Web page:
The United States is one of the most advanced countries in the world, especially regarding healthcare. Of the top ten hospitals in the world, nine of them are in the United States.
Why then is the rate of maternal mortality so high? Among the industrialized countries, the US has the most maternal deaths, with 26.4 deaths per 100,000 live births. How can this rate be so high in a country that has access to clean water, sanitation, food, healthcare and education?
While the rate of maternal deaths appears to have risen, the reporting of these deaths is likely part of the issue. Between 1990 and 2015, maternal deaths decreased worldwide by between 30% and 45% depending on which estimates are used. During that same period, in the United States, the rate increased by 60%. The data collection could be a factor. It wasn't until the early 1990s that death certificates included information on whether or not a woman was pregnant or had given birth around the time of her death. It took until 2017 for every state to begin including this information on death certificates, so it's possible the problem has existed for much longer, it just wasn't being reported.
The protocol surrounding death certificates is governed by state laws, which differ from place to place. In some states, it's even further down the chain at the county level. With no consistent national data to go by, the maternal mortality problem was, in a way, invisible.
To compound the reporting issue, societal trends might be a factor as well. The rates of obesity and diabetes (all types, not just gestational) have gone up, and many women are delaying childbirth and waiting until their mid-30s or after to have children. In a commentary paper written by Christine Morton of the California Maternal Quality Care Collaborative (CMQCC) and published in the journal Birth, it states, "The increasing number of women who enter pregnancy with higher rates of obesity, hypertension, diabetes, abnormal placentation…are typically the first and only factors considered." Essentially, the mother is blamed according to Morton, for being "older, fatter and sicker." Morton noted however that obesity and diabetes, as well as maternal age, had risen across the globe, however, only in the United States did maternal deaths go up as well.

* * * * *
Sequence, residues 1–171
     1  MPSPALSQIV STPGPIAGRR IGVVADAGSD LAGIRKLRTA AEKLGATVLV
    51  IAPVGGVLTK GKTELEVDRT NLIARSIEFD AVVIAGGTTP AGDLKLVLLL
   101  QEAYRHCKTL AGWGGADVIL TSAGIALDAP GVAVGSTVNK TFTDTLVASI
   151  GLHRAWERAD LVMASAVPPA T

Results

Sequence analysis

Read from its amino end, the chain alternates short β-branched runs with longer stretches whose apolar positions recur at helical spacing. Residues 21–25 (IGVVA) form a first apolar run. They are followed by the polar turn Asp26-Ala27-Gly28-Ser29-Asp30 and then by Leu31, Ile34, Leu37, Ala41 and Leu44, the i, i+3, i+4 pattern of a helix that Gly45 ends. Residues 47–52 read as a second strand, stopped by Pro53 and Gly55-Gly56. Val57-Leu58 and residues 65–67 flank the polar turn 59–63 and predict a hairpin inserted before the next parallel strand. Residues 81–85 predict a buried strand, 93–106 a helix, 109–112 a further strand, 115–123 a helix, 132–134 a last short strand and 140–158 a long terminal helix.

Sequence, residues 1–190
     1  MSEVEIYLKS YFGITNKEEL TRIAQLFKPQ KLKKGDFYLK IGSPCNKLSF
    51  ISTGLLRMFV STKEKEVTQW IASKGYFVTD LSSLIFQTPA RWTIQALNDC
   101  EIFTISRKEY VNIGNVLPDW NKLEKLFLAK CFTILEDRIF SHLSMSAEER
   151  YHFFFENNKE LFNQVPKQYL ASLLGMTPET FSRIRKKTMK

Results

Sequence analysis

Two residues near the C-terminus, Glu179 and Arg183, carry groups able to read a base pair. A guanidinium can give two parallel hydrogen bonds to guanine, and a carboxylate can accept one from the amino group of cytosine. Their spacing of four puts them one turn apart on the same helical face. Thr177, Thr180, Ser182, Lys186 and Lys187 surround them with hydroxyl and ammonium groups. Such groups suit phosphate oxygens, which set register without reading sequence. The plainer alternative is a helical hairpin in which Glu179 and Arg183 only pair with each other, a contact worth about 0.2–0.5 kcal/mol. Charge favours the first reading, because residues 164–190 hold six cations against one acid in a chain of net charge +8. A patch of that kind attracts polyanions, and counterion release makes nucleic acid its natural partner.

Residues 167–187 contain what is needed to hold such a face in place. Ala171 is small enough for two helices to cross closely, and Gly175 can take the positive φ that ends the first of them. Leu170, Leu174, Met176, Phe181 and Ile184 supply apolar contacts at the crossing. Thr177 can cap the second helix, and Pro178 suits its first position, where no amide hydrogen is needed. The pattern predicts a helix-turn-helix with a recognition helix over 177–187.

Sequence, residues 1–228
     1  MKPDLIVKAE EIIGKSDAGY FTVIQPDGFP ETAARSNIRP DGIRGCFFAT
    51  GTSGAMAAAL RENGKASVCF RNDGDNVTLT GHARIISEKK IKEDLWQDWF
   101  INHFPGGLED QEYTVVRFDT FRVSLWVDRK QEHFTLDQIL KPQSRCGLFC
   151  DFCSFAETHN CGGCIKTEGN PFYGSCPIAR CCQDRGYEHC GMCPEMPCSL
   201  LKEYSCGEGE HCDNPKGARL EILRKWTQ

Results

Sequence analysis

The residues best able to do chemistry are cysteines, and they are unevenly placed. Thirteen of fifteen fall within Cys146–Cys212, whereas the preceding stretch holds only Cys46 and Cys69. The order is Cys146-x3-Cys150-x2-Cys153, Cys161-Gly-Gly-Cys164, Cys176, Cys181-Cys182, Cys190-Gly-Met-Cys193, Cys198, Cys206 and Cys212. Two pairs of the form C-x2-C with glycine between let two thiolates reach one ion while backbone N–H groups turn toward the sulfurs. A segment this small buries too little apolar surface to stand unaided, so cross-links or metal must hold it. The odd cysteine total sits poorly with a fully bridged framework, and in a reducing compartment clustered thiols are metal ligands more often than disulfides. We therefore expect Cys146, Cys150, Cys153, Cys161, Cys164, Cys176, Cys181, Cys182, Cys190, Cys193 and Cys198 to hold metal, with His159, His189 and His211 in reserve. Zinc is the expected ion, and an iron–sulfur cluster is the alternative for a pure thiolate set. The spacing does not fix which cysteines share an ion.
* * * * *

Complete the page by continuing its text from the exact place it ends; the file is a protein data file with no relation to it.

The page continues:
Experts have called for medical professionals to focus on the mother as well as the baby during obstetrical care. In a 2013 policy report, 2400 mothers across the United States were surveyed after giving birth, and nearly 25% of those who participated in the research said they held back questions or complaints from their doctors because they did not want to seem "difficult." The survey encouraged health care providers to look behind just the baby and make sure the mother is being heard as well. The video below is a production of BBC News and looks at the problem of maternal death in the United States and what can be done about the fact that America leads the world in such a terrible event.